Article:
Online Collaborative Learning

This week we learned about the online collaborative learning. Harasim describes online collaborative learning theory (OCL) as:

a model of learning in which students are encouraged and supported to work together to create knowledge: to invent, to explore ways to innovate, and, by so doing, to seek the conceptual knowledge needed to solve problems rather than recite what they think is the right answer. While OCL theory does encourage the learner to be active and engaged, this is not considered to be sufficient for learning or knowledge construction……In the OCL theory, the teacher plays a key role not as a fellow-learner, but as the link to the knowledge community, or state of the art in that discipline. Learning is defined as conceptual change and is key to building knowledge. Learning activity needs to be informed and guided by the norms of the discipline and a discourse process that emphasises conceptual learning and builds knowledge.

(Harasim, 2012, p. 90)

When teachers are able to create a course that is well organized and encourages active participation and collaboration the OCL model can improve conversational learning, allow opportunities for deep learning, develop academic knowledge, and knowledge construction. Bates reminds us that discussion forums are not an addition to the curriculum, but rather the core component of the teaching. Bates says, “it could be argued that there is no or little difference between online collaborative learning and well-conducted traditional classroom, discussion-based teaching.”

When teachers successfully create an educational community of inquiry in the online environment, students are able to “collaboratively engage in purposeful critical discourse and reflection to construct personal meaning and confirm mutual understanding” (Garrison, Anderson and Archer, 2000).

Community-of-Inquiry-2
Community of Inquiry Image: © Terry Anderson/Marguerite Koole, 2013

With online collaborative learning, the aim is not to replace the teacher, but to use the technology primarily to increase and improve communication between teacher and learners, with a particular approach to the development of learning based on knowledge construction assisted and developed through social discourse.

(Bates, 2015)

… so how am I going use online collaborative learning in my course prototype with Grade 1’s? Hmm… honestly when I first started thinking about this question I was stumped. Creating a community of inquiry is rather challenging in the primary grades to begin with and takes a lot of practice, so to implement this successfully online will be an added challenge. Because of my demographic, we will be focusing on using one app to learn an master to encourage student-to-student, student-to-instructor, and student-to-parent interactions.

Seesaw allows students to share their work, and specifically encourage individual 3cqreflection and peer feedback. This will be modeled by the teacher and practiced as a group to ensure that feedback is meaningful and purposeful. The structure I plan to use to encourage authentic feedback is 3Cs and a Q. In the Seesaw app, teachers have the opportunity to review any comments before they are posted to ensure that feedback is constructive & appropriate.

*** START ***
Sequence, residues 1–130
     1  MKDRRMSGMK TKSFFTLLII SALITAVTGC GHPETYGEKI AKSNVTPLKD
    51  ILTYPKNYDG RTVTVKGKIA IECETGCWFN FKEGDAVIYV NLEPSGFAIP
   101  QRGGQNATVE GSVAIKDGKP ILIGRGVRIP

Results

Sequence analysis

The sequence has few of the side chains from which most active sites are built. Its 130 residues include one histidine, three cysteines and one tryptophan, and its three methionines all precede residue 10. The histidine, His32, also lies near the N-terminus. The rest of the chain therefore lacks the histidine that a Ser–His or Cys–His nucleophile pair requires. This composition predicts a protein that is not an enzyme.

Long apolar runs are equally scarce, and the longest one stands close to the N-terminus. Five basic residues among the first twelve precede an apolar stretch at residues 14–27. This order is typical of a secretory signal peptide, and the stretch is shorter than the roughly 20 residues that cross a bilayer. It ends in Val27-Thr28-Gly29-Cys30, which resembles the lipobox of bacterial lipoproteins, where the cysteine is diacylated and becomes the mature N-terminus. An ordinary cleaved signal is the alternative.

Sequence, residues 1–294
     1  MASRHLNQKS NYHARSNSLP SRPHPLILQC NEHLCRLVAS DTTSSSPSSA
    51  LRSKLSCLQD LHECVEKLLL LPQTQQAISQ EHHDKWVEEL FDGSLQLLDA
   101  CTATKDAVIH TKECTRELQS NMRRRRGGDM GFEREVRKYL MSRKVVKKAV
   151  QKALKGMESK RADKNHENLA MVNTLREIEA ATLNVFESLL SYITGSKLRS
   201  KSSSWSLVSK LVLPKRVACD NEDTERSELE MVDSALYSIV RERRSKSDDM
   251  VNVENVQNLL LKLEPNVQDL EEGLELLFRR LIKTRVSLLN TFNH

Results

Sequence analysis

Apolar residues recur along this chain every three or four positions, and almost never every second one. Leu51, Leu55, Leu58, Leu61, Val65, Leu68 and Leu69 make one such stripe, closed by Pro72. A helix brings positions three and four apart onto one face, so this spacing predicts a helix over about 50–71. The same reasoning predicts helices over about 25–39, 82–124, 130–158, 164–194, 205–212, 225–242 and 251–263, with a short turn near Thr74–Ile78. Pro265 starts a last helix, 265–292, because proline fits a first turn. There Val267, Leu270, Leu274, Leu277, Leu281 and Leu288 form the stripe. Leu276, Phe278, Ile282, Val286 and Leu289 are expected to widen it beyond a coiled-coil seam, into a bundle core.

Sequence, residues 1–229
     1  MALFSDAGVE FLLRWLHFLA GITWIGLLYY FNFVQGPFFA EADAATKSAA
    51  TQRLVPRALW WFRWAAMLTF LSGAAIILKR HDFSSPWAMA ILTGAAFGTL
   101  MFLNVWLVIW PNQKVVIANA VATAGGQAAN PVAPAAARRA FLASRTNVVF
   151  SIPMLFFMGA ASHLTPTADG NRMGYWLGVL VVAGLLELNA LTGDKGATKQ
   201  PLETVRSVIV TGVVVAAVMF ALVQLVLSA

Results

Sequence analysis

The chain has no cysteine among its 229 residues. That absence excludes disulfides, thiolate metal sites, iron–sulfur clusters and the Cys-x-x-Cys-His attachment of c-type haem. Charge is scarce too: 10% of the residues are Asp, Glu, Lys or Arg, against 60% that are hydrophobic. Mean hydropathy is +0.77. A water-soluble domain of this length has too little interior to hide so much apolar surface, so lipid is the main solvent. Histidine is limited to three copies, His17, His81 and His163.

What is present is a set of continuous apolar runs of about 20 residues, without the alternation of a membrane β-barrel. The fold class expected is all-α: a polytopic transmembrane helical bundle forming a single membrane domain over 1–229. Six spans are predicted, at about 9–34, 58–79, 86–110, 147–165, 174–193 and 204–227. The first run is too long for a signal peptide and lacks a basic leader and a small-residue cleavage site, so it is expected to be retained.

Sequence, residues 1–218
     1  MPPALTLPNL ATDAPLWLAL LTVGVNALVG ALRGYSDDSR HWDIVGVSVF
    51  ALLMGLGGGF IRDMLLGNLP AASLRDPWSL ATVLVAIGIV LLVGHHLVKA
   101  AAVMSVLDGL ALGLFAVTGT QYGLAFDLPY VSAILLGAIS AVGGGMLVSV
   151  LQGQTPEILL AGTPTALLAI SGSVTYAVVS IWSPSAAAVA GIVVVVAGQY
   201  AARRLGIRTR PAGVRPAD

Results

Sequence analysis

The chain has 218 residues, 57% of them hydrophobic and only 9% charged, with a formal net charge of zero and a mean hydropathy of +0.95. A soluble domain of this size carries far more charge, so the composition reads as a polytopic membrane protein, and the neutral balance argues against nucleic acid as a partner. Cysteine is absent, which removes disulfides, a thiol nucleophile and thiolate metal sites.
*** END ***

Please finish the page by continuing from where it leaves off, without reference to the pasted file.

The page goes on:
Seesaw will also be used to collect work and give direct private feedback to students. I plan to push assignments to students for them to complete and turn in via Seesaw, creating a place where students and teachers can interact around their work. The beautiful thing about this app is that while I am busy with other students during guided reading, I can still see what students are working on after they submit their assignments and post to their account.

Lastly, Seesaw will allow me to communicate with families and keep them in the loop on the learning their child is doing at school. Students will add posts to Seesaw that they are proud of in a self directed way, as well as work their teacher has assigned allowing families to provide immediate feedback during the day or ask them about it that evening.

I feel like Seesaw really fits my purpose of my course module and allows me to create a community of learners that support each other and learn from each other in an online environment.

 


References

Bates, A.W., (2015) Teaching in a Digital Age. Tony Bates Associates Ltd.

Garrison, R., Anderson, A. and Archer, W. (2000) Critical Inquiry in a Text-based Environment: Computer Conferencing in Higher Education The Internet and Higher Education, Vol. 2, No. 3

Harasim, L. (2012) Learning Theory and Online Technologies New York/London: Routledge

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How can I improve?

This past week we had the experience to receive feedback from our peers on our online course. Receiving this feedback is so valuable to me and I truly appreciate the time and effort my peers put into looking at my course with a critical eye and providing me with the positive areas of my online course and where I could improve or areas that were unclear. This will help me a great deal as I continue to develop and revise my online course. (Alec, this is a brilliant idea to encourage community, provide room for growth, and help your students be successful. Thanks!)

After reading both Joe’s and Dani’s reflections, I thought I would respond to my feedback in a similar approach by including some direct quotes from my feedback form and responding to them.

It would have never crossed my mind to do an online course for grade 1.